The paper aims therefore, to describe briefly the concept of customer relations management, the ingredients of a CRM and the myths surrounding it. It hopes to stimulate a serious discussion on how CRM can be effectively used for a corporate renaissance in South Asia, which is reeling under a business downturn. Finally, it recommends that the CRM should be aggressively incorporated in the business education curricula so that the business schools of this part of the world continue to be the source of intellectual output and corporate training.
CRM: A CONCEPT IN THE MAKING
Customer Relationship Management sounds simple enough. However, the term succeeds only in whetting imagination of academics as well as business leaders (Anton, 1999; Baron, 1997; Bell, 1996).
CRM can be viewed in four principal ways. Firstly, it is a contemporary response to the emerging climate of unprecedented customer churn, waning brand loyalty and lower profitability (Cockburn, 2000; Cross, Richard & Smith, 1996). Secondly, CRM is central to the task of making an organization customer-centric (DM Association, 1999; Gamble, Stone & Woodcock, 2000). Thirdly, CRM is the surest symbol embracing information technology in business (Brown & Price Waterhouse Coopers, 1999; Gordon, 1998). Fourth and finally, CRM is the most certain way to increase value to the customers and profitability to the practicing organizations (Reichheld, 1996, Shanham 1998-1999). Be that as it may, effective CRM practices can mean the difference between the success and failure of a business across all industries, particularly for mid-size enterprises (Curry, 2000; Eckerson, 1997), Naturally, more and more companies are seeking to understand the concept and mechanics of the CRM (Swift, 2001).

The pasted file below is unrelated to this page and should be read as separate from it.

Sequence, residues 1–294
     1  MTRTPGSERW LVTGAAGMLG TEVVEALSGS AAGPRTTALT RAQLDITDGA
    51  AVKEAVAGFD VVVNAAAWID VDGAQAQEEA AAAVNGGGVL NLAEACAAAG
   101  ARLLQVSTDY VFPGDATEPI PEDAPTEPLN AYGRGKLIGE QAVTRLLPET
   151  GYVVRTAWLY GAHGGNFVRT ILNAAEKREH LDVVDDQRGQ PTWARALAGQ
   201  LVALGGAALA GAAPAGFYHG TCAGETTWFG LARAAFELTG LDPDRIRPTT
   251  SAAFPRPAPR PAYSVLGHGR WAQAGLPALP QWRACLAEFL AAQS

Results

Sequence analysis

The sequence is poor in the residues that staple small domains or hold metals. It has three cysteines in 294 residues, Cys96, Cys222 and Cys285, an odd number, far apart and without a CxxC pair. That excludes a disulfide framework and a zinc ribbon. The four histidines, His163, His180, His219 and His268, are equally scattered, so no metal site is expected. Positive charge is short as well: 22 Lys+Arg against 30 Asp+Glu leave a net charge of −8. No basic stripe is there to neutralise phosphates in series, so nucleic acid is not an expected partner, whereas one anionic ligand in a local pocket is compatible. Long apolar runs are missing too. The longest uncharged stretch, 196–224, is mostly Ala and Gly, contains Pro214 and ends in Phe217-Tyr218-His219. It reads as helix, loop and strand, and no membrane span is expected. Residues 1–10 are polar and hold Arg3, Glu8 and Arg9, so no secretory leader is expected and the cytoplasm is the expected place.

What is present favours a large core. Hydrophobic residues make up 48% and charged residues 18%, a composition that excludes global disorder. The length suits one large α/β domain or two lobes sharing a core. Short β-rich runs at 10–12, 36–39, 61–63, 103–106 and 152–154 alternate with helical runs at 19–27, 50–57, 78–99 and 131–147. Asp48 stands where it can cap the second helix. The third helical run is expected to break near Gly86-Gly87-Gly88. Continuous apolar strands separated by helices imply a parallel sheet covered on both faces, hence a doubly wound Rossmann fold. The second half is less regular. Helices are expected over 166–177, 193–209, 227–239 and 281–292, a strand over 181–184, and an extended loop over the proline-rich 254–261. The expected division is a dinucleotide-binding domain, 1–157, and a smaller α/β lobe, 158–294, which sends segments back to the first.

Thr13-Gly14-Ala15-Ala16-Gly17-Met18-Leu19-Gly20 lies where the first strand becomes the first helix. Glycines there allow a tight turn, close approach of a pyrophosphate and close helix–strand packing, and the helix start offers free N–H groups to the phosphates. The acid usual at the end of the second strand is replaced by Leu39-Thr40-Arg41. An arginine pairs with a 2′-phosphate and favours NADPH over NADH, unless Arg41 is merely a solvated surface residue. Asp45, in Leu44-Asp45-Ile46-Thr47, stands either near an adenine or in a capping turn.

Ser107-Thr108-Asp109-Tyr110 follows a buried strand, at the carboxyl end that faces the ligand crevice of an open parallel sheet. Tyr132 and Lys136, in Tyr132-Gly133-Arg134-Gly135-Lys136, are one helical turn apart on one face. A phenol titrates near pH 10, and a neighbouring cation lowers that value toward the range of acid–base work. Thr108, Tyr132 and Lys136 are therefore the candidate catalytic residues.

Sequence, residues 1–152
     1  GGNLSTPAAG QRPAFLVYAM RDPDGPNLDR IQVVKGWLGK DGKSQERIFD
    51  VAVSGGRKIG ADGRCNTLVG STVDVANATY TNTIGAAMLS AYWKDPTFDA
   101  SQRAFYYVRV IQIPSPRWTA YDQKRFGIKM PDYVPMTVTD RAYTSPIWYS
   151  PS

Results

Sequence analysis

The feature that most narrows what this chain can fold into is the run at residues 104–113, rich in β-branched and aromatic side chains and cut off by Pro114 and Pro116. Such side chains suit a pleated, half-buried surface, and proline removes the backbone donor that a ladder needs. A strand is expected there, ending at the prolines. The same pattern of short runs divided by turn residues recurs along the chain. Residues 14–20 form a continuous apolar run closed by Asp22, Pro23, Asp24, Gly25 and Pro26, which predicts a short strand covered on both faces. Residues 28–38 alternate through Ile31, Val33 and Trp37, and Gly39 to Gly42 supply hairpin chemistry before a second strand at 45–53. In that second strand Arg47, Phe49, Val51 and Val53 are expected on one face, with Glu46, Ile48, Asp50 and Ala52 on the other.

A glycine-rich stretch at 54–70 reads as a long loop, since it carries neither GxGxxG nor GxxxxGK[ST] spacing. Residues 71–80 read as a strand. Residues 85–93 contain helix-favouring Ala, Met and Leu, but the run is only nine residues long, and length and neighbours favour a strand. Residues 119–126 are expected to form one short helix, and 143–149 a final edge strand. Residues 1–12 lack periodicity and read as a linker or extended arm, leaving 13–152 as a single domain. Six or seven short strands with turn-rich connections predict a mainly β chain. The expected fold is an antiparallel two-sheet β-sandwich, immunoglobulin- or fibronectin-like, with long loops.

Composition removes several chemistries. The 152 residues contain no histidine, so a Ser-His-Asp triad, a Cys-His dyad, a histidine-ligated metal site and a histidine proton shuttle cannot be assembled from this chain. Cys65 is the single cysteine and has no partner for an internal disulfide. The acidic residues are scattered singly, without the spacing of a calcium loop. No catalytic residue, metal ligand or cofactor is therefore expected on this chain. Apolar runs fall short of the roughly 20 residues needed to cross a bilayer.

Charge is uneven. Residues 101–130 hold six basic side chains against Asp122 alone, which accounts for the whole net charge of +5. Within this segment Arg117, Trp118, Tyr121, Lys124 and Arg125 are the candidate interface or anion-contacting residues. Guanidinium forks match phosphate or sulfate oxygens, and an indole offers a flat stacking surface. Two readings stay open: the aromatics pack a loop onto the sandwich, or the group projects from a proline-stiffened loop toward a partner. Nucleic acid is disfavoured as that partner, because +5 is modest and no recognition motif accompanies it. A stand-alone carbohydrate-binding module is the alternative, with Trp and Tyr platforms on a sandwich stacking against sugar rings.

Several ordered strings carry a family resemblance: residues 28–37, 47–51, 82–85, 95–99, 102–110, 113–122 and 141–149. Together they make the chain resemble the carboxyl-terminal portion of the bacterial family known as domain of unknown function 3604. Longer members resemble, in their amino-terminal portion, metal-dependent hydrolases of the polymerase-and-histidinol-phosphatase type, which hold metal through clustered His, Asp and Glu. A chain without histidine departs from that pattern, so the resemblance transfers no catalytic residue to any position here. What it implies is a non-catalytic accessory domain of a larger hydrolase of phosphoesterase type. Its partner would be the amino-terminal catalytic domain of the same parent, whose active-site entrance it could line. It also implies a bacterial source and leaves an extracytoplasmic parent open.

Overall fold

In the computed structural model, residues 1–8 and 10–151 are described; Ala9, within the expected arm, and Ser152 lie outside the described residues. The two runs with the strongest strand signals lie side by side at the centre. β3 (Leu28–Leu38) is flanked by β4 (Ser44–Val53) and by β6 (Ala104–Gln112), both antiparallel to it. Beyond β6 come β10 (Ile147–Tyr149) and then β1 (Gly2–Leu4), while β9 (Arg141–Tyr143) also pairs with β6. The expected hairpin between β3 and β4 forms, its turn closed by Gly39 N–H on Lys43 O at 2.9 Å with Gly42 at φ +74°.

So what is customer relationship management (CRM) all about? Is it a new jargon in our vocabulary or is it really a new paradigm?
The current literature is full of individual definitions and descriptions (Anton, 1999; Brown, 2000). Most definitions converge on two thingsrelationship and information technology. Thus, we may conceptualize customer relations management (CRM) as follows:
'CRM is the information technology face of the business processes that aim to establish enduring and mutually beneficial relationships with customers in order to drive customer retention, value, and profitability up'.
The definition underlines the fact that CRM is meant for a common and equal good of the two stakeholders-business and their customers. It calls for capturing pertinent data about the prospective and current customers in respect of their buying pattern, shopping behaviour and usage habits of the products and services and to use the information to commence a twoway dialogue with them.
If the essence of CRM is customer and continuity, the term CRM can as well be an acronym for any of the following cognate marketing terms:
* Caring Relations Management (CRM)
* Continuous Relations Management (CRM)
* Creative Relations Management (CRM)
* Customer Retention Management (CRM)
* Customer Return Management (CRM)
* Cost Reduction Management (CRM)
* Cost and Return Management (CRM)